 Clubs has a more complicated history. The meaning is connected with sticks, bastone. In the early designs for this suit, the stick or club was shown as if it had been cut from a living tree. The icon for this suit is derived from the leaves growing from the stick or club.


What is a ‘knave’?
In some packs of playing cards, the second male member of the ‘royal’ family of picture cards is considered to be the ‘prince’, the son of the king and queen. In fact, a knave is a servant. In French, this card is called valet, meaning a male servant. In everyday speech, the knave is often called the jack and we can see the letter J on the card. Jack is an old English word meaning a person of ‘low’, or non-aristocratic birth. William Shakespeare makes a contrast between gentlemen and jacks.

The Joker
The Joker is an extra card added to the pack of 52 playing cards. It is usually a decorated card with a picture of a clown or jester. The Joker is a very lucky card, because, in some games, it can be used as a substitute for any other card in the pack.
Double-headed cards
If we look at modern playing cards, we can see that they are ‘double-headed’ so that the top and the bottom of the cards are identical. Notice also the edge markings of the cards so that their value can be seen even when the cards are ‘fanned’ in the player’s hand.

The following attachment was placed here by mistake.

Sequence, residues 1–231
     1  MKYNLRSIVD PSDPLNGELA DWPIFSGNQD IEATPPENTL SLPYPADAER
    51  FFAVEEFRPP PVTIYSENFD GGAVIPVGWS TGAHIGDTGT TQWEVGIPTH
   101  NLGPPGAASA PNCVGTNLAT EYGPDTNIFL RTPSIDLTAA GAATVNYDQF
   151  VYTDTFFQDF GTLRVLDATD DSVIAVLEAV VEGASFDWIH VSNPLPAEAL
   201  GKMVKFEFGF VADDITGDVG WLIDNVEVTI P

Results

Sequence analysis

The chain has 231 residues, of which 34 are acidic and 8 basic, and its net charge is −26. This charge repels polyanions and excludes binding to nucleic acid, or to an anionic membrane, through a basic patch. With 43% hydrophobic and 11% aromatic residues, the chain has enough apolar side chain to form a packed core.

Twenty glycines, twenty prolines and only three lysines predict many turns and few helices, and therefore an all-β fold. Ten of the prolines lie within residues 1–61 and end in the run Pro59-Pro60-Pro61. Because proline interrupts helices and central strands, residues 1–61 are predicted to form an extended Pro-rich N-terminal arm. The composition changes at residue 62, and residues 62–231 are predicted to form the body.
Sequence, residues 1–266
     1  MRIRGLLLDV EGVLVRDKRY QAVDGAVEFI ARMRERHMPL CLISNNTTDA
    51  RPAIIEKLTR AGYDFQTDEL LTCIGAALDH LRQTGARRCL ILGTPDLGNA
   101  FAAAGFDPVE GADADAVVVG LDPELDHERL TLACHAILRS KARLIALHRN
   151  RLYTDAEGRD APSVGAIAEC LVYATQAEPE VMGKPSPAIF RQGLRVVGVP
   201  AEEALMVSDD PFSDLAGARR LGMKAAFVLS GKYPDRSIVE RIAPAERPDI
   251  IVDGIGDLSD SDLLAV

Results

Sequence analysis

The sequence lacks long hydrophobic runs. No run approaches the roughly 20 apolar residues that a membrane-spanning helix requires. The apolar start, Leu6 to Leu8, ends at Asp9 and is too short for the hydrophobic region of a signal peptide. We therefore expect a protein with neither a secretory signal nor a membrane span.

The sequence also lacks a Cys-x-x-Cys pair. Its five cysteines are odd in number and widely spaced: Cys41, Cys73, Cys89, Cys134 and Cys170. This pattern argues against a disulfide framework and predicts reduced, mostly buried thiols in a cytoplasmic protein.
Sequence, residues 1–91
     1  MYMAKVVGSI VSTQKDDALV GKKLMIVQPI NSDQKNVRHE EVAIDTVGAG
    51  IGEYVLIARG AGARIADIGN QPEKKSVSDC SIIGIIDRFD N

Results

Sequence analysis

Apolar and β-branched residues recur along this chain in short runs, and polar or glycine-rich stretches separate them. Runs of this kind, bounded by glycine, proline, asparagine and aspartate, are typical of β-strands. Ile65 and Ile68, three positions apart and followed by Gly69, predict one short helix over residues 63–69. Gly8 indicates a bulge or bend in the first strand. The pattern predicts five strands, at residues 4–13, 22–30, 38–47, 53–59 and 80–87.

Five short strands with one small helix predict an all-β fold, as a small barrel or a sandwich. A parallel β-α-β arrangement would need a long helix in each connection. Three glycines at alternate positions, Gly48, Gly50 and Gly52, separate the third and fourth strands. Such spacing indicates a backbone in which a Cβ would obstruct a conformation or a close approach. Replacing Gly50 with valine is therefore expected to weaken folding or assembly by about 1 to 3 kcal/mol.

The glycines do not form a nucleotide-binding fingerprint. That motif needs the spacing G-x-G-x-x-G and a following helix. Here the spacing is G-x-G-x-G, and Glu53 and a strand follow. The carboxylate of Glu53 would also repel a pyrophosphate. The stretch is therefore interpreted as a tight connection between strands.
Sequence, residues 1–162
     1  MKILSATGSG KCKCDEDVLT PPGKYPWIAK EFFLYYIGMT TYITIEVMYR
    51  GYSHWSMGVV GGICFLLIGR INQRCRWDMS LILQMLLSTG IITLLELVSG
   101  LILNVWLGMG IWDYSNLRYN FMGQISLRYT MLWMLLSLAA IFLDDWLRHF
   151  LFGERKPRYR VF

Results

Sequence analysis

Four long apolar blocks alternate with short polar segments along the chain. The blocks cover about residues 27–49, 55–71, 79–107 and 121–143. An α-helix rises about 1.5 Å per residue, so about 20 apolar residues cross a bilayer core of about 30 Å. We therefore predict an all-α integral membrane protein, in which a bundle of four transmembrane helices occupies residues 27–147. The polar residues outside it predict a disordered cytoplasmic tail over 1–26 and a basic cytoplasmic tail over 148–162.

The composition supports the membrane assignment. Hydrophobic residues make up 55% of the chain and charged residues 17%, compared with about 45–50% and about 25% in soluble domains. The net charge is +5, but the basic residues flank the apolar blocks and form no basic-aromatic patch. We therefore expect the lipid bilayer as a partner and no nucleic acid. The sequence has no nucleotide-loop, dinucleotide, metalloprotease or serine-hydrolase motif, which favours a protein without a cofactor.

Card Backs
The reverse of all cards in a pack is printed with the same simple design. This is so that, when ‘face down’, it is impossible to distinguish one card from another. Cards printed on stiff card and covered with plastic can be used for many years without any noticeable damage.
Computer based card games

Traditional card designs are also used in computer-based games. These include a wide variety of ‘solitaire’ games for single players.
There are also many internet websites where players can play against distant opponents. Currently, these websites focus on casino-style gambling games such as poker and blackjack. There are also a few sites where players can play for simple enjoyment which do not involve money.
Today, cards are printed in a size so a collection, a ‘hand’ of cards, is easy to hold in one hand. They are printed on stiff card which is covered with plastic so that the cards are durable and can slide over each other very easily.
This makes it easier to ‘shuffle’ the cards: mix them up into a random sequence. Before a game is played, usually one player will shuffle the pack. Another player will ‘cut’ the pack by taking some cards from the top of the pack and moving them to the bottom of the pack.
For hundreds of years, playing cards have generated hours of simple enjoyment for families and groups of friends. In many families, children learn to assess and organise the resources in their ‘hand’. They learn to ‘take turns’ as they play. They learn to observe how their opponent is playing. Finally, when the game reaches its conclusion, they learn how to win or how to lose gracefully.
Nick Dawson 2013


EFL for learners with special needs

Dealing with special needs